School for Social Work
This mixed method study was undertaken to determine if successful professionals who are away from home for extended periods for work due to long hours and travel have particular types of close relationships, coping skills and identities. Secondly, the study examined whether their attachment styles as assessed by the quantitative measure, the Experiences in Close Relationships Scale -- ECR (Brennan, Clark and Shaver, 1998), revealed any relationships to their interview narratives concerning their professional successes, identities, close relationships in childhood and coping mechanisms. Using snowballing methods, successful professionals were recruited who had been in their careers for at least two years, had freely chosen these careers and were over 25 years of age. Participants were interviewed using a qualitative interview questionnaire and a quantitative self-report measure, the ECR. The 13 participants were asked to describe their views of their career paths and professional lives and to describe their coping skills at work related to these demands. They were also asked to describe both their current and childhood relationships with others, and to describe how they related to their current professional lives. The findings of the quantitative research showed the respondents' attachment styles to be mostly secure. Variations among the participants in attachment security scores were significantly related with the cohesiveness and integration of their qualitative narratives concerning childhood experiences, as well as to current personal and professional relationships (Main and Hesse, 1990). Of further significance for this sample was the fact that early adversity consistently formed the impetus for types of careers chosen and spurred the development of many skills and coping mechanisms used throughout professional life.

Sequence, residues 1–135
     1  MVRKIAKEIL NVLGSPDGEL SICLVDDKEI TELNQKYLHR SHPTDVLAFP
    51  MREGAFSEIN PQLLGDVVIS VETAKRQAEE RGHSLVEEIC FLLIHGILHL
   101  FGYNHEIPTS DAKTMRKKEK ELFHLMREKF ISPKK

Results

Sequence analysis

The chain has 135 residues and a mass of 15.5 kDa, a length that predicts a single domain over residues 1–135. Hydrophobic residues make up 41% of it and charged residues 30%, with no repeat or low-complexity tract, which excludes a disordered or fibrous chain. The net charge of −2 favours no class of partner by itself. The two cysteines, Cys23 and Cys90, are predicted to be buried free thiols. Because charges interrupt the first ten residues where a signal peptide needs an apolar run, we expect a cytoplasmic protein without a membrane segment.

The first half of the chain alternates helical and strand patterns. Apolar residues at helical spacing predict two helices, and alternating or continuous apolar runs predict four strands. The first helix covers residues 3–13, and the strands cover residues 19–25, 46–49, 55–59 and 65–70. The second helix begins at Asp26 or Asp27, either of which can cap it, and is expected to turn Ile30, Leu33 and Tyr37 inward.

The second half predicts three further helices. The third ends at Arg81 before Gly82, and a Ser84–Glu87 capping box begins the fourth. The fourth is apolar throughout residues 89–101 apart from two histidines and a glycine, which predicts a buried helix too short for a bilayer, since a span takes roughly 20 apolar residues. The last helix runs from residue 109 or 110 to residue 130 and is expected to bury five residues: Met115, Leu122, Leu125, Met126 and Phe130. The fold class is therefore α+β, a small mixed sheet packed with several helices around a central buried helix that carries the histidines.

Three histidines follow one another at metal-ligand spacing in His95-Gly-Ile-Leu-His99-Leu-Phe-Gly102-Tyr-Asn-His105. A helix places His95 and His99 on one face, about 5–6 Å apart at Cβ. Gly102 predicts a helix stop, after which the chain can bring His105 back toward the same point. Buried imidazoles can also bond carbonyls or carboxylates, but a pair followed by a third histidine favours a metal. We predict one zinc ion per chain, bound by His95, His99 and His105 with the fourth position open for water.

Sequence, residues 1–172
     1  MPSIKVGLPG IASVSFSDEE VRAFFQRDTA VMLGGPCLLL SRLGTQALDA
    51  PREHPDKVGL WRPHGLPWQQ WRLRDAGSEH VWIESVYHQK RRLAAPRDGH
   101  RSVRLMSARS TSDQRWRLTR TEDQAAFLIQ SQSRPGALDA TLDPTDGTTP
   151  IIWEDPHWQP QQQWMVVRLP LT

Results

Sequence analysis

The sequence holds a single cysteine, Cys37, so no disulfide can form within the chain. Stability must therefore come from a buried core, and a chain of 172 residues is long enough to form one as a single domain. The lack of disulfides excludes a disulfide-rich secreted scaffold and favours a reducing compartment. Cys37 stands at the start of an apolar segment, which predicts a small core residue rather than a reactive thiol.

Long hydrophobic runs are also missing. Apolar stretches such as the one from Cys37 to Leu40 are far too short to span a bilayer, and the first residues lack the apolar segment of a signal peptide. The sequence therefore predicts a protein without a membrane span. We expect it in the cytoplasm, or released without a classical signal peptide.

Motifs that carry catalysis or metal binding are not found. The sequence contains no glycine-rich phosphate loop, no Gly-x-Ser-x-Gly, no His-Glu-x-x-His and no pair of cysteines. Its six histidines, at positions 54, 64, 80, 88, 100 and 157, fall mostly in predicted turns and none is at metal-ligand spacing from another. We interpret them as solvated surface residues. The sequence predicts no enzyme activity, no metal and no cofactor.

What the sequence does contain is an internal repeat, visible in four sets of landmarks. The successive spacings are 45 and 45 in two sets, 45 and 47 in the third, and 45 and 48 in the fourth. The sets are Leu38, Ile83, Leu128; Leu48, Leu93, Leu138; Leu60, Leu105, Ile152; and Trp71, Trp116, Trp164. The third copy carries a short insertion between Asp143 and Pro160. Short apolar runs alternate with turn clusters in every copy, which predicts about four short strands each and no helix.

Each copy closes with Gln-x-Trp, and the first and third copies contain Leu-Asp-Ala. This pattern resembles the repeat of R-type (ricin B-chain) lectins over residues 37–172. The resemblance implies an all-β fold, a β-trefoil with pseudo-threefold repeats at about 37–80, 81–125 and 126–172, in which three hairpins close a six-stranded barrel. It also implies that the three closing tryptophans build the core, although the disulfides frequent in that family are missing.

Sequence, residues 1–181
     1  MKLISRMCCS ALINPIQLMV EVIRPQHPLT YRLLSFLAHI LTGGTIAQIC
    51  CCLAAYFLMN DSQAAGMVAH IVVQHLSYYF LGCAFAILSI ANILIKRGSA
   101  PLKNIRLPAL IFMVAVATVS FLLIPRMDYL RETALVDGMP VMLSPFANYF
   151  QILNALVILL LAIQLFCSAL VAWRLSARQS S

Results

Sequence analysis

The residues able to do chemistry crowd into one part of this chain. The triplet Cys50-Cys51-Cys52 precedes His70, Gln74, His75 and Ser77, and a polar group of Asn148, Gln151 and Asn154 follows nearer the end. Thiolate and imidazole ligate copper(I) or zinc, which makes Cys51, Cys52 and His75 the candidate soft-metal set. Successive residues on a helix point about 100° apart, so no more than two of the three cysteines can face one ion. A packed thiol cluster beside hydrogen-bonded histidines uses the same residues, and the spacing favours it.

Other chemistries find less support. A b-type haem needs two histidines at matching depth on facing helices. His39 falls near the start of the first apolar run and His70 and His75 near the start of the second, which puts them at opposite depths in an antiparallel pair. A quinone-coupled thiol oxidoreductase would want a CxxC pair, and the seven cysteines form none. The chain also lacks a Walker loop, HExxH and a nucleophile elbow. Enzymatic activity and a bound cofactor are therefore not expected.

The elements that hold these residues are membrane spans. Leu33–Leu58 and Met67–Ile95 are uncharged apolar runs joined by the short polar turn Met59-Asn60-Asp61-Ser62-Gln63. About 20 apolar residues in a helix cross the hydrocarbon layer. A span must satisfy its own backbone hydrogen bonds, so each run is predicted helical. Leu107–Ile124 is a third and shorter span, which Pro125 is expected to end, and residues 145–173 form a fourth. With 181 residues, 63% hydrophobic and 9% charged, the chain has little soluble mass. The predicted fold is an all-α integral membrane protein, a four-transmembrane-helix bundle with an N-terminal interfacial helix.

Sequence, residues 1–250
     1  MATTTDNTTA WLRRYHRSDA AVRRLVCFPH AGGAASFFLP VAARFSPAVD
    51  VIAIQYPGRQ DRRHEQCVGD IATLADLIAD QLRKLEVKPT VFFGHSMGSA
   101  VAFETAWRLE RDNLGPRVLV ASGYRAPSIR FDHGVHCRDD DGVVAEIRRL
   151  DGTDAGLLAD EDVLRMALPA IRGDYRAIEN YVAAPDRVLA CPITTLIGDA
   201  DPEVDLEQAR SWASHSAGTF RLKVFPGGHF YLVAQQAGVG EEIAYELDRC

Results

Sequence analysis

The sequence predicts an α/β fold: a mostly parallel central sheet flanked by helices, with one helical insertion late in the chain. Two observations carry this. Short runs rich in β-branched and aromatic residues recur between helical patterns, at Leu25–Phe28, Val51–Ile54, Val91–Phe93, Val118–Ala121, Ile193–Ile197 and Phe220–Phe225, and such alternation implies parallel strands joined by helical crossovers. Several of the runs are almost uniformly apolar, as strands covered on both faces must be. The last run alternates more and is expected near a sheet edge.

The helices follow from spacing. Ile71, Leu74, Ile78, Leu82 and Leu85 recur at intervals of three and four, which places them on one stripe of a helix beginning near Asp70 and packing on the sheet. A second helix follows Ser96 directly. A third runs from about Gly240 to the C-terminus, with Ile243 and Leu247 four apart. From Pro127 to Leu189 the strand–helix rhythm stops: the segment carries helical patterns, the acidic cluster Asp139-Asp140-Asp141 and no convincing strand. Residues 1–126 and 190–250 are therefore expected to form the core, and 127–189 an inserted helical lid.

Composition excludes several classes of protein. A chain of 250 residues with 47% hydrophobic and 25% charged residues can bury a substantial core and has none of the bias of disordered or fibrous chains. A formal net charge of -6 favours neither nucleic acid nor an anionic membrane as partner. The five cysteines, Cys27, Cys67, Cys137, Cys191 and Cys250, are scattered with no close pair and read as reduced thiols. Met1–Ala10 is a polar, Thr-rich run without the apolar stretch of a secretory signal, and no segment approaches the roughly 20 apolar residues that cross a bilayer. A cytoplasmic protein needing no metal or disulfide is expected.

Cutting Wishard, Gwendolyn, "Attachment style and identity construction : the choice of profession as one method of culturally mediating, locating and fulfilling attachment needs both interpersonally and societally" (2008). Masters Thesis, Smith College, Northampton, MA.